Tuesday, June 27, 2006

Charles and the Monarchy

Prince Charles and Clarence House were yesterday triumphantly proclaiming that the Prince costs each person in Britain only three and a half pence a head. Good for him. Three and a half pence too much, as far as I'm concerned.

The question about the monarchy has nothing to do with whether Prince Charles provides value for money for the services he performs for the country (and, by the way, given that he has personal expenditure of £21 million, I somewhat doubt that he does). The question is whether it is right for someone to be so handsomely rewarded - from the public purse - for a position that he holds purely by the accident of his birth.

If Prince Charles truly represented value for money, then we would know that not only was Clarence House being run as efficiently as possible, but we would also know, beyond doubt, that Prince Charles was the best man to perform the public duties that he does. No-one can say this for sure, because he performs his public duties without having to worry about a better man coming along to take his job. He doesn't have to worry about being sacked, because his position as heir to the throne is held until either he or his mother starts pushing up the daisies. There is no way of the public ensuring that Prince Charles is not unnecessarily wasteful of their money.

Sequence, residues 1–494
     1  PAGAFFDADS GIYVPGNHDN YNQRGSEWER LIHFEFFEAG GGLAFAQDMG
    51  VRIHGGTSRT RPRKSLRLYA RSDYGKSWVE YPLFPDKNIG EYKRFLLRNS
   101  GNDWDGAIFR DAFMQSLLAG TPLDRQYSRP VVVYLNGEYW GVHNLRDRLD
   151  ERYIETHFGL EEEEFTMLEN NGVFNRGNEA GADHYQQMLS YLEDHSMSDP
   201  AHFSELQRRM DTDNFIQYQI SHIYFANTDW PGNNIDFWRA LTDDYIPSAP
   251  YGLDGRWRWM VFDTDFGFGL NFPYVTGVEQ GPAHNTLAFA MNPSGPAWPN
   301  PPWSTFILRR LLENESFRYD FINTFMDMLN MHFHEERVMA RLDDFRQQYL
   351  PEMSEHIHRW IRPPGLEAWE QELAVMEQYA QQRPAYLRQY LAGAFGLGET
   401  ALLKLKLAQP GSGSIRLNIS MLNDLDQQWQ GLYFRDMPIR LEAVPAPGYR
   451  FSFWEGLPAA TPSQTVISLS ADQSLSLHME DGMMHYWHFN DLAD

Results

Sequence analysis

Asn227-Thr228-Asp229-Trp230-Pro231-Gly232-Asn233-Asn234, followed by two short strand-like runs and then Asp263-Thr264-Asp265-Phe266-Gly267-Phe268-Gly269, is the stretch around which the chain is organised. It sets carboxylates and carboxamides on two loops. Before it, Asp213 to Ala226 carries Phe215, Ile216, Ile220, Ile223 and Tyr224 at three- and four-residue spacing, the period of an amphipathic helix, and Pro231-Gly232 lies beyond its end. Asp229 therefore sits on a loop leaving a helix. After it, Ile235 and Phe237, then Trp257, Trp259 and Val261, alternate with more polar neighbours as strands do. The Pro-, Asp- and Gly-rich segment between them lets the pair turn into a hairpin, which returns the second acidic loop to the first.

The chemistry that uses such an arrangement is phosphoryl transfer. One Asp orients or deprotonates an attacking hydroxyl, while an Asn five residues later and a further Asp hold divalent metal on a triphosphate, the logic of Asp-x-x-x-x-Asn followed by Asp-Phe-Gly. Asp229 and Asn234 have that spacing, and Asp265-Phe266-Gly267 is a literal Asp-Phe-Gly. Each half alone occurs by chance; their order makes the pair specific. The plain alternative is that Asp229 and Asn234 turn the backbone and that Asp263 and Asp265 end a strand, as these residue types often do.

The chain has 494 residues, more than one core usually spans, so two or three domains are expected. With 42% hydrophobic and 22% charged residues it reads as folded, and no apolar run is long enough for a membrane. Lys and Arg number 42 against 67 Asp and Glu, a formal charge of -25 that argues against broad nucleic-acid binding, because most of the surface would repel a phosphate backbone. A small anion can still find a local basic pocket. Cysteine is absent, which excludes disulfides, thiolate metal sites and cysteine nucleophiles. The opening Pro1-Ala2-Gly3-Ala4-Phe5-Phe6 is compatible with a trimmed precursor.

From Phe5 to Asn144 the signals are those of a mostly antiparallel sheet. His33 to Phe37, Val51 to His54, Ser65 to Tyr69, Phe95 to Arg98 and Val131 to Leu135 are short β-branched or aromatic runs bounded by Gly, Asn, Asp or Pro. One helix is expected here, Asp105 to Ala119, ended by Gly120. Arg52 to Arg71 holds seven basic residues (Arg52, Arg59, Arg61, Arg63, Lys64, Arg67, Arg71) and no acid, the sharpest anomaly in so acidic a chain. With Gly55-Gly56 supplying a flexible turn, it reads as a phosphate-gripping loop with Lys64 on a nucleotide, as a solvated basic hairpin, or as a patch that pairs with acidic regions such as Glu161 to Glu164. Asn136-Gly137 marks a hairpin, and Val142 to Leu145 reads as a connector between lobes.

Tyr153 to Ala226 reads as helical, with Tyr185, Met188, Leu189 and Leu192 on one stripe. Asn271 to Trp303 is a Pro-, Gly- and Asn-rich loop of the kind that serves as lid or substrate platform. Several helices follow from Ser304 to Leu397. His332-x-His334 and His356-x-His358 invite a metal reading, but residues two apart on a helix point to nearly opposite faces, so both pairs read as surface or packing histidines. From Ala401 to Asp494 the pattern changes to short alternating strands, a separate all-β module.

In short, the actual cost per head is not the issue at hand. If three and a half pence per head was a suitable sum of money for one man because of who he is, why do we not all receive it? It's little more than a cheap point designed to head off concerns that the monarchy is expensive. Well, I see no reason why one man should be given £21 million for personal expenditure - and a man to put toothpaste on his toothbrush, for crying out loud! - purely because he was born as the eldest son to the Royal Family. Quite simply, it is an outrage against meritocracy. And if Clarence House was to represent value for money, we'd have a selection procedure that made sure we had the right man for the job.